A strong ridge of high pressure is starting to bake the southwestern United States right on schedule for this time of year — with several areas expected to reach the triple digits today — but winter isn't done with the rest of the country yet.

Death Valley reached 101°F for a high temperature yesterday, and the California furnace is expected to reach that mark again today. Yesterday's triple digit high was the first time it saw the century mark since last September, and the reading showed up right about on schedule — on average, Death Valley sees its first 100° reading by April 14.

Death Valley is able to get so hot because it's flat, mostly barren, and sits at a very low elevation (down to 282 feet below sea level). Its low elevation allows the terrain around the basin to prevent both wind and moisture from entering the area, keeping the air still and dry (dry air heats more easily than moist air).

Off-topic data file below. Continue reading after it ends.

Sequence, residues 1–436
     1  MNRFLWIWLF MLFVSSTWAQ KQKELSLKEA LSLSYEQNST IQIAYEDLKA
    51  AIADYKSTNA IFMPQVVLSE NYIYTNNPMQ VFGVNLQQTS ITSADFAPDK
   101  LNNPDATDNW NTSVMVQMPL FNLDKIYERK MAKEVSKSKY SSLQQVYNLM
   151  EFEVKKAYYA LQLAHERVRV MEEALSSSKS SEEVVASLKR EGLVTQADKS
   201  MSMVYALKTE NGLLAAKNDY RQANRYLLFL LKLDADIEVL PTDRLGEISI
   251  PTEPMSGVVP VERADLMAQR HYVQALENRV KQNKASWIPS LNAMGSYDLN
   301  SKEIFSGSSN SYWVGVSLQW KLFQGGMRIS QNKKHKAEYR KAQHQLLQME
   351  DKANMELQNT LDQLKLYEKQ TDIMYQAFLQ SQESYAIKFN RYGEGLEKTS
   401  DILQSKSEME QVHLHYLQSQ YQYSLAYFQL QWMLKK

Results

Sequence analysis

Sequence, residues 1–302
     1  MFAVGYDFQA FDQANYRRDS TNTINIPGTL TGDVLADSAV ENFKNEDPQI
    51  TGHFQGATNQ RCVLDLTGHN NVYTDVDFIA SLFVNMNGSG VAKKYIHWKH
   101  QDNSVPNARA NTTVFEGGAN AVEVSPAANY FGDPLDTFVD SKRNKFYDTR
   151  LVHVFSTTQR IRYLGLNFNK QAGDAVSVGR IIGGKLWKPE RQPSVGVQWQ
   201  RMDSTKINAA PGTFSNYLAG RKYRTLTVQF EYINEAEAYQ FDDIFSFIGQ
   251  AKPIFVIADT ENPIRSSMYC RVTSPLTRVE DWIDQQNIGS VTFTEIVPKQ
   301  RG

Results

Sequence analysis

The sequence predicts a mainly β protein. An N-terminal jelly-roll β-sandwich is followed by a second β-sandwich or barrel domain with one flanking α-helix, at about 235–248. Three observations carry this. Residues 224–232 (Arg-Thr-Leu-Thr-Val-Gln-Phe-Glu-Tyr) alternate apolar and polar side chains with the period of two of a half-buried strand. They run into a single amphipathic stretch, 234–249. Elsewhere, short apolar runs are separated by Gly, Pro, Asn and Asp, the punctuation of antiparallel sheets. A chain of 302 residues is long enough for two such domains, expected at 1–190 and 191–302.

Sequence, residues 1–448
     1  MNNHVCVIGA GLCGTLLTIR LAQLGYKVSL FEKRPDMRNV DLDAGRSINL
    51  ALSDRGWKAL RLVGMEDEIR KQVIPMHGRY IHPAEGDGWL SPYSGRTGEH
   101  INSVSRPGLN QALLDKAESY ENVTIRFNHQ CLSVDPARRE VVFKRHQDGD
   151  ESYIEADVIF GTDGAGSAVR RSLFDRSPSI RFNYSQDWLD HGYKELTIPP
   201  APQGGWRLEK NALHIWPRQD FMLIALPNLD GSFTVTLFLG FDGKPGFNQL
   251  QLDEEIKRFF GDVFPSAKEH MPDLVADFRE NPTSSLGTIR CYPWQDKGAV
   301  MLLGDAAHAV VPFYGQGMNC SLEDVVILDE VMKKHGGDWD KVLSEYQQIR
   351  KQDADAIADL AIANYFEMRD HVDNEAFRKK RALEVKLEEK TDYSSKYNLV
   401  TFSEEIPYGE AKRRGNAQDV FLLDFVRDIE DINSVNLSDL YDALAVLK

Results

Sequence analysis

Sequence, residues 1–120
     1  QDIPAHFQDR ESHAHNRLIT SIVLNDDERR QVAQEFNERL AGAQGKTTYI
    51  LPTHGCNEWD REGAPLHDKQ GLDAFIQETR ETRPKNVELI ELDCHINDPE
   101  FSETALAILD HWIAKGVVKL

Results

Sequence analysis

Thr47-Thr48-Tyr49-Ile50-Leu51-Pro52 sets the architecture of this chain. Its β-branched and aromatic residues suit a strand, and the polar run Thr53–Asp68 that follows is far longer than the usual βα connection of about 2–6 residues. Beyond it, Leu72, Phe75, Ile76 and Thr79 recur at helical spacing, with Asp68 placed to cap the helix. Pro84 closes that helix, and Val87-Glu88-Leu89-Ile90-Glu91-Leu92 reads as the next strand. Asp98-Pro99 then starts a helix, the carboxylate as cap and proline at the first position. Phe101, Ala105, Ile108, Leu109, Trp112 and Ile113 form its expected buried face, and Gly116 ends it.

The rest of the country — save for the mountains and parts of the northeast, of course — is enjoying a brief warm-up thanks to southwesterly winds pumping in warm air from the lower latitudes. The comfortable temperatures will prove short lived, unfortunately.

A cold front will swing through the eastern two-thirds of the country this weekend and plummet temperatures by almost 40° in some spots, with highs only reaching the mid- to upper-40s across much of the Midwest on Monday. The chill will continue eastward through the beginning of next week.

Winter is on its way out.


[Images via NWS]